This paper presents an application and validation of the use of Markov chains for modelling and analysing group performance. The model combines a Markov process with reliability theory. Inter–arrival times of work are treated as “failure times”, while service times are considered as “repair times” of each worker. Each row in the transition matrix is a binomial distribution showing the probability of finishing various amounts of work. The state of the process represents the number of currently occupied workers of the group. Experiments on work groups were conducted to confirm the validity of the model. The experimental results show agreement with the theory. The study indicates that Markov chains can be used to examine: (1) the group’s probability of carrying out work when it arrives, (2) the availability of staff, and (3) the group utilisation. The paper provides a practical tool for managers in modelling and analysing performance of a work group. However, the research is limited to types of work with constant arrival rates and to situations where work is lost if not begun immediately on arrival.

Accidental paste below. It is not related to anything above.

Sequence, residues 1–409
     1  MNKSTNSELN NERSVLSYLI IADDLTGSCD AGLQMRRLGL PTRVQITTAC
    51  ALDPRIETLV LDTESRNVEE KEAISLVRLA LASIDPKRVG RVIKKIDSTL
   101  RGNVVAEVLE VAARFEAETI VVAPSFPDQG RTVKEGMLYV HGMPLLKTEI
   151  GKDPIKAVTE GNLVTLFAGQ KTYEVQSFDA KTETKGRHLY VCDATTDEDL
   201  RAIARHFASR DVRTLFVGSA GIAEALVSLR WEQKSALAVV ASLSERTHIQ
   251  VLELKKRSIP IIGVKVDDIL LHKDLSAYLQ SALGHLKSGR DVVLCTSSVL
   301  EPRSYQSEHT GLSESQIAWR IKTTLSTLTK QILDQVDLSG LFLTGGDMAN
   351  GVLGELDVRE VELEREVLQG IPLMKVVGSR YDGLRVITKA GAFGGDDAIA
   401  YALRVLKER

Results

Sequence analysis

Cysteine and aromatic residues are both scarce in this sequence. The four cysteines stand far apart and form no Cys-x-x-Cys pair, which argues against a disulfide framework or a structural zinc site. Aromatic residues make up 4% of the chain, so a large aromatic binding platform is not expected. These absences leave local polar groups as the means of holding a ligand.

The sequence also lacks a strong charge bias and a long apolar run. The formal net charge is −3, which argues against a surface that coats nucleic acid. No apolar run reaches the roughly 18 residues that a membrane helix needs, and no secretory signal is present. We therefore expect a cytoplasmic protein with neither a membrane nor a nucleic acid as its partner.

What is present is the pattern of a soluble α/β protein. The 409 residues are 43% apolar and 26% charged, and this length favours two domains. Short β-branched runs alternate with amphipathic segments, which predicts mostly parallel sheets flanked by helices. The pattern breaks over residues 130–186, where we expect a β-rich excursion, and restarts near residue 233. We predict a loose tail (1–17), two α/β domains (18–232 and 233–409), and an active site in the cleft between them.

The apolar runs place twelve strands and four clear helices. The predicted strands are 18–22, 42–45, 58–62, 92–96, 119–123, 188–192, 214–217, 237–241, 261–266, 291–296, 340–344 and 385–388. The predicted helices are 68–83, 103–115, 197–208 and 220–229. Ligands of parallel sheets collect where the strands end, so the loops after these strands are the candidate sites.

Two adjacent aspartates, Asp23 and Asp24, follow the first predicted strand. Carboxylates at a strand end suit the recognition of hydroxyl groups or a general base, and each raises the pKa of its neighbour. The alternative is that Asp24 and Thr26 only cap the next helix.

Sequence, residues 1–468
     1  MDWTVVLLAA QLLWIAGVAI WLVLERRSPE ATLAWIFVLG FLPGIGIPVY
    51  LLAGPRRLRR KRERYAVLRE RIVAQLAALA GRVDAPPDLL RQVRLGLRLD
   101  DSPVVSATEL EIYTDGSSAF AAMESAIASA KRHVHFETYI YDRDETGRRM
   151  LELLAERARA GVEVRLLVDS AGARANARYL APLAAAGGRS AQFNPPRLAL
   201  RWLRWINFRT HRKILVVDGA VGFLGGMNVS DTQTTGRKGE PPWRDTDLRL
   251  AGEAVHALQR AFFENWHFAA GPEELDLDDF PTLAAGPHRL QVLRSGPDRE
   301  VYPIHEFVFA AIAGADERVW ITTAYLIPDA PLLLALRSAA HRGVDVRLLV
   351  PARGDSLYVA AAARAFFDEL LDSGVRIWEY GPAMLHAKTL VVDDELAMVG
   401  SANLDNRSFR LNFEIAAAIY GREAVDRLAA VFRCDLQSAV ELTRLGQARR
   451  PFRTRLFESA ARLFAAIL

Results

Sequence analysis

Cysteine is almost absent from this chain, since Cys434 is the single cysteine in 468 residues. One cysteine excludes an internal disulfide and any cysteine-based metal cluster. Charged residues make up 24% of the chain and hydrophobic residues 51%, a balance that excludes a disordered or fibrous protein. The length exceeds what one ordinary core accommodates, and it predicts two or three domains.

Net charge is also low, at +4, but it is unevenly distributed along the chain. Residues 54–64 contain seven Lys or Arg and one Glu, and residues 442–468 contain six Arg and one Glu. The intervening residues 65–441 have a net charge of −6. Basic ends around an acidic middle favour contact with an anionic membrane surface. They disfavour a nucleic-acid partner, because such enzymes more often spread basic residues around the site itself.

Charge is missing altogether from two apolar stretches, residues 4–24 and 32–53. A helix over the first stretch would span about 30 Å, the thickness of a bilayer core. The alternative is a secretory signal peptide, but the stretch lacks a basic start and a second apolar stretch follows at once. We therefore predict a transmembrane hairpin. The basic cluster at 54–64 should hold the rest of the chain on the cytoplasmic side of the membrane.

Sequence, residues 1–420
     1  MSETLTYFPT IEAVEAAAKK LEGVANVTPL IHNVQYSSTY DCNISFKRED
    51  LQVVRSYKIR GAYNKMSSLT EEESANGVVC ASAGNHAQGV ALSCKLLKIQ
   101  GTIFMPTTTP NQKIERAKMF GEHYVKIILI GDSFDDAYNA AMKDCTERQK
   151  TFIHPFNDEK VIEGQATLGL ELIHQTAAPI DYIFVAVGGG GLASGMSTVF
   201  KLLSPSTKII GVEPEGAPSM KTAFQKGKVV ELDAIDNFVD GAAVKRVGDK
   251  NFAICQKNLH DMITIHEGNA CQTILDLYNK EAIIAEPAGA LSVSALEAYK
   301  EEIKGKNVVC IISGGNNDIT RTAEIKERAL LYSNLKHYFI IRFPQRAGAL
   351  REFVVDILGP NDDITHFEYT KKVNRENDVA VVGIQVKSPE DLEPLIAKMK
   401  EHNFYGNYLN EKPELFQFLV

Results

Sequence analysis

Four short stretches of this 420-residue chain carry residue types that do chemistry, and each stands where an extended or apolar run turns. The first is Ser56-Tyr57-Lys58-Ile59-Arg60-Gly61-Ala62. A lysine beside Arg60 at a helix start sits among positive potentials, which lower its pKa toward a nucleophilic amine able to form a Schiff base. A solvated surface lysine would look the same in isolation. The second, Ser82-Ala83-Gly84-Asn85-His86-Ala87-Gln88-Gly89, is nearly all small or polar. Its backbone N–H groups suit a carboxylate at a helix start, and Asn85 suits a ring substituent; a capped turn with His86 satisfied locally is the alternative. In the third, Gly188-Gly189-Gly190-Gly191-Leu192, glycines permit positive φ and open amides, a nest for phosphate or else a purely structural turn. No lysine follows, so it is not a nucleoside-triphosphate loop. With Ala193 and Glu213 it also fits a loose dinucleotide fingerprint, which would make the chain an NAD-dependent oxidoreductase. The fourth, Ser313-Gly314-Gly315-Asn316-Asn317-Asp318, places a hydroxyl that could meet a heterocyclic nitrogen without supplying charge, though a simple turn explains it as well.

|Keywords:||Organisation Performance, System Reliability, Markov Chains|
PhD Student, School of Civil and Environmental Engineering, The University of New South Wales, Sydney, Australia
Lecturer, School of Civil and Environmental Engineering, The University of New South Wales, Australia